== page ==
ADDIS ABABA, ETHIOPIA — ELAKU TAFARA, his crutch leaning against a wall, explains his more-than-passing interest in the trials of former Ethiopian officials now getting under way.
``I was a victim; I was tortured,'' he says.
In May 1977, Mr. Melaku, then a high school student active in the opposition to former President Mengistu Haile-Mariam, was arrested by a group of masked government security officials. ``They beat me for three days,'' he says. Today, his right leg is barely useable.
Then he was taken to the former palace of Emperor Haile Selassie I, where interrogation continued, but this time by unmasked security officials.
``I'd seen some [of them] on the streets,'' says Mr. Melaku. Now he has seen them in custody since President Mengistu was overthrown three years ago. He has identified several of his torturers. One of the men who allegedly tortured Melaku's father to death is among those going on trial.
Chance for justice
For Melaku to have his day in court is a remarkable step for Ethiopia, where rulers coming to power traditionally killed their rivals, not bothering with trials and legal processes.
Ethiopia, says Andreas Eshete, a professor of philosophy at the University of Addis Ababa, has never had a ``legal transition'' from one regime to another.
But the country's current head of state, Pres. Meles Zenawi, who is trying to legitimize his transitional government in the eyes of Ethiopians and the international community, is determined to make a break with the past.
The trials are likely to eventually include more than 1,300 officials of the previous regime. They cover alleged crimes against humanity during a part of the 30-year civil war in Ethiopia, which ended in 1991 with Mengistu fleeing the country.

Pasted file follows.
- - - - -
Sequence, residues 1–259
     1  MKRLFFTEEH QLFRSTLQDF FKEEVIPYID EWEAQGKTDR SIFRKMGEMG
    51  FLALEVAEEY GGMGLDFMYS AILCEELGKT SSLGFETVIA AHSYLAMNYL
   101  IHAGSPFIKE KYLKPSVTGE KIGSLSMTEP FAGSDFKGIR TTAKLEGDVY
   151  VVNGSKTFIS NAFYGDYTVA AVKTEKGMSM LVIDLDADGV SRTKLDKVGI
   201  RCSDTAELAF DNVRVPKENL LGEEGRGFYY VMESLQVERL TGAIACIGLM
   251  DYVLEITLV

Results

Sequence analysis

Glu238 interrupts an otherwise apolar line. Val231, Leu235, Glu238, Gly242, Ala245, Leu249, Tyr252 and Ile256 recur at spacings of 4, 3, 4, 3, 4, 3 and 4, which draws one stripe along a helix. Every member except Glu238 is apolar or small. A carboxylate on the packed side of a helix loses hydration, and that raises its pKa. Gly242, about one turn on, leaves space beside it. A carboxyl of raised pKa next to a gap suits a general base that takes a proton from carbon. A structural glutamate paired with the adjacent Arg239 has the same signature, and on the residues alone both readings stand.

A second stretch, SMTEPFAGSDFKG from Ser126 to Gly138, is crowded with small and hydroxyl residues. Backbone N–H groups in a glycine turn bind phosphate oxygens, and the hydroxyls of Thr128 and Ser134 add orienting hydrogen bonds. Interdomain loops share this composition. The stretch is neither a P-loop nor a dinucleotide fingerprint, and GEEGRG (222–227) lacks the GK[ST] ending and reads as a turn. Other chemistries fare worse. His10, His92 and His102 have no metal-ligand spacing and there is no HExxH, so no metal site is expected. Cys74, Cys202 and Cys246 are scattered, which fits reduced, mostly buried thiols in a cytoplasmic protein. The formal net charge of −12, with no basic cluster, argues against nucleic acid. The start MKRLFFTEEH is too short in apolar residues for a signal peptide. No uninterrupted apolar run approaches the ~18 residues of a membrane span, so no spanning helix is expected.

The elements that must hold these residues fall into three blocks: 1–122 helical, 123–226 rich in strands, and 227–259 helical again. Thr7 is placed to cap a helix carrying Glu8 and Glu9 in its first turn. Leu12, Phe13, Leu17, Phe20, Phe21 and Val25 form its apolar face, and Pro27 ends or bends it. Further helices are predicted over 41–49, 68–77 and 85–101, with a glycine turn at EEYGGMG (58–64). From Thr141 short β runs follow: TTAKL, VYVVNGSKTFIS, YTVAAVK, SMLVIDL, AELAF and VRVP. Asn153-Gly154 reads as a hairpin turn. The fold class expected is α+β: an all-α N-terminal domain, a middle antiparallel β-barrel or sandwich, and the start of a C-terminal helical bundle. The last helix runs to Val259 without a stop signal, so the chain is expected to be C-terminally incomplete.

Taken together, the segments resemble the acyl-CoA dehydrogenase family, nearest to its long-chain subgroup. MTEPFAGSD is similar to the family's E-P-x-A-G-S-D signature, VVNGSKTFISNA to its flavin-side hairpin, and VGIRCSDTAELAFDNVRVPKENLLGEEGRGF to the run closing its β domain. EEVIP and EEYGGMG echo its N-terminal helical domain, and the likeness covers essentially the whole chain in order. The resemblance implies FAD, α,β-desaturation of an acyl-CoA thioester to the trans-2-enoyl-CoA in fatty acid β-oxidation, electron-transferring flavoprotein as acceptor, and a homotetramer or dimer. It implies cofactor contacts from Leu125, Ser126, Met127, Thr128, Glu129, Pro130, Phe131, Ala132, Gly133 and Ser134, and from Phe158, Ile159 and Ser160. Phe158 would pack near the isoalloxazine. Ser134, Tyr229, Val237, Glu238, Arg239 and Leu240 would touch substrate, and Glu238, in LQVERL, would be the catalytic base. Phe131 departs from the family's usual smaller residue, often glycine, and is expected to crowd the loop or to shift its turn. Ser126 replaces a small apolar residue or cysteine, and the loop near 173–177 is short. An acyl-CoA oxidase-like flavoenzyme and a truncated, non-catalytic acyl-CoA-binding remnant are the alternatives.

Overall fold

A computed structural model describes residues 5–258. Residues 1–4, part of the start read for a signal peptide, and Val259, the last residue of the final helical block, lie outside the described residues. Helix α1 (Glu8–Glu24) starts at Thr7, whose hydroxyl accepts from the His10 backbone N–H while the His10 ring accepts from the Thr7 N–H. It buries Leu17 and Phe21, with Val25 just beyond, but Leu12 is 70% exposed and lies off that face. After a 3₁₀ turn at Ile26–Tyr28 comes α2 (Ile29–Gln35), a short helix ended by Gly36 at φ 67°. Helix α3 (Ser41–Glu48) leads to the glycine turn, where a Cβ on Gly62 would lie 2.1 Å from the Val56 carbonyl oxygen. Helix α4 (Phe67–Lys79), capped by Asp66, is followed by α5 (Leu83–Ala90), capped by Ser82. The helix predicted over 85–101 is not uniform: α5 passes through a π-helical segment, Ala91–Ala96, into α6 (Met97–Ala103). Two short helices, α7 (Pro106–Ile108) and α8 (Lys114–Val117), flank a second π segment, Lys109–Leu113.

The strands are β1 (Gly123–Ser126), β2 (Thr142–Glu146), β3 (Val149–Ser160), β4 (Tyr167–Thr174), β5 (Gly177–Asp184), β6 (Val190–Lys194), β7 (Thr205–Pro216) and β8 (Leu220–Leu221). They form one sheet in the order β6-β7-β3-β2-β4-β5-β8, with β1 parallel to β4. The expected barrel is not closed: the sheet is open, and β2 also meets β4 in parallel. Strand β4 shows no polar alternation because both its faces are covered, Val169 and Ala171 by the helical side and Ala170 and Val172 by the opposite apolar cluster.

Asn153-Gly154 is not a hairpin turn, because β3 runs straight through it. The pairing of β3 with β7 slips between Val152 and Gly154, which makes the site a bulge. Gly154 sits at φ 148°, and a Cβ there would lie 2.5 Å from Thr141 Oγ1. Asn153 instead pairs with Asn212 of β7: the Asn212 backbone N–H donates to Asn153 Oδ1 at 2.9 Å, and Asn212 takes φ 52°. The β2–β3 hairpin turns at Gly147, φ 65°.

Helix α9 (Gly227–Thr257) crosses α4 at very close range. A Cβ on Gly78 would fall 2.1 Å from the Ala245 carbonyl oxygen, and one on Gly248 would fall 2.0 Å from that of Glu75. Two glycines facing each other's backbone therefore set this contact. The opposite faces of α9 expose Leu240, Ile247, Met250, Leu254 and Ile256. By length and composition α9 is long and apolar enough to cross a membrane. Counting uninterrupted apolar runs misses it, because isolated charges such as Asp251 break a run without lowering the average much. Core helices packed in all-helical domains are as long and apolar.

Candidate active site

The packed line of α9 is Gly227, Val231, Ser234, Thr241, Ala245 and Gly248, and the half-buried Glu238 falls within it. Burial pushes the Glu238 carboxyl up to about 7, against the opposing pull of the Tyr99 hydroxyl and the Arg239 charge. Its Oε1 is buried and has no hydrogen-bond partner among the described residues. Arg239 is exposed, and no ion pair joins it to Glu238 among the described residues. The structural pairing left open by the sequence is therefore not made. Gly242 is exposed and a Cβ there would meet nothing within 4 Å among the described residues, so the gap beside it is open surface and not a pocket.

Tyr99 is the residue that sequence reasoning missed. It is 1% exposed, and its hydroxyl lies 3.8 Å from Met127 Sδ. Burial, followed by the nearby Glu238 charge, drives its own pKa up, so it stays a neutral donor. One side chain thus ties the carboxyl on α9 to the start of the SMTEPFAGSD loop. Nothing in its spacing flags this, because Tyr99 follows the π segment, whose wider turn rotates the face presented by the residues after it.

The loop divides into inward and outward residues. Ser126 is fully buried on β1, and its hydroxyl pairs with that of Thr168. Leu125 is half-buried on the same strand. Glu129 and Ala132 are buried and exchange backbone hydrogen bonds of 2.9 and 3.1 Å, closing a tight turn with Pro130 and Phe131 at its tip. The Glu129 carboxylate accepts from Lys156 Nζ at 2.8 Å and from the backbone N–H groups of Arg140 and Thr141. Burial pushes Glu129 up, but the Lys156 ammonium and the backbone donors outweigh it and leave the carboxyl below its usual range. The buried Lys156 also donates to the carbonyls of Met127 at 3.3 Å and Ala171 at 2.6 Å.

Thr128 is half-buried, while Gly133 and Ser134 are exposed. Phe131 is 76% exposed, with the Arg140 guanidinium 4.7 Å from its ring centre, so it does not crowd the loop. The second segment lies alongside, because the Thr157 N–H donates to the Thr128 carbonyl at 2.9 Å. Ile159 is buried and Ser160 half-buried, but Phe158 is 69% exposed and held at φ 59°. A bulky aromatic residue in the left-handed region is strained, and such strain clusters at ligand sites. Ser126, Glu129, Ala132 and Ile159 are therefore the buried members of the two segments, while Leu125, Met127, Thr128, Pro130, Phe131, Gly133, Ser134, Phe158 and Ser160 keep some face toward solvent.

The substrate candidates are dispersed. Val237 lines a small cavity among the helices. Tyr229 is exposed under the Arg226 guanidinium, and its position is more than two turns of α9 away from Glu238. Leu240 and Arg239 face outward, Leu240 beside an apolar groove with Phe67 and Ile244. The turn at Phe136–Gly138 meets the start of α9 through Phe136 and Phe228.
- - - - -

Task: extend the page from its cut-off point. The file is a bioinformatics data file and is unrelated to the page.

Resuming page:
Many, including Mengistu himself, who now lives in exile in Zimbabwe, will be tried in absentia.
Among the acts that ex-officials will be charged with are summary executions, massive aerial bombings of civilian populations, and systematic torture.
The first 45 prisoners were scheduled to go on trial Dec. 13. They are charged with executing 60 senior officials of the government of Emperor Selassie in 1974, apparently on the initiative of Mengistu.
Even current President Meles said in an interview here that he could easily have ordered the killing of many Mengistu officials captured by his forces when they won the war in mid-1991. ``We could have killed everyone in the last few days,'' he said.
But Meles says he wants a new standard for Ethiopia. The trials send a message to any future Ethiopian government, said Meles. ``If you mess around with our peoples' lives, it may take time, but you'll pay.''
Ethiopia's Office of the Special Prosecutor (SPO), has collected some 300,000 documents to be used in the trials.
The Mengistu regime, apparently sure of its long tenure in power, meticulously documented the imprisonment, torture, and execution of victims, according to SPO officials.
The documents were located in various ministries and were not destroyed as rebel forces swept into the city in 1991.
Prosecutors here say the documentation provides one of the best records of atrocities since the seizure of documents in which Nazis recorded their treatment of Jews in concentration camps.
During the ``Red Terror'' campaign by Mengistu in the mid-1970s against his opponents, including university students, ``dead bodies were lying on the streets'' of Addis Ababa - victims of the government, says Abraham Tsegay, one of the prosecutors in the trials and a spokesman for the SPO.
Torture of victims included beatings on the soles of feet, hanging victims upside down for extended periods and beating them, and burning with hot irons, says Mr. Abraham.
Crimes against humanity
As an example of alleged atrocities, Abraham says that in the village of Hawzen, some 2,500 civilians were killed in June 1988 by Soviet-made helicopter gunships and MIG fighter planes during a six-hour strafing.
``It was a market day,'' he says. The government calls this a crime against humanity since there was no apparent military target.
Prosecutors in the trials are seeking the death penalty in many cases. When Melaku, who will attend the trials, is asked what penalty he wants for those convicted, he says, simply, ``I want to see justice served.''
Then he laughs, moving his hands aimlessly around, and sighs. ``I wish for them life imprisonment, so families of victims could visit them, like in a museum, like a zoo. I hope people draw lessons from them. We don't want these things to happen again.''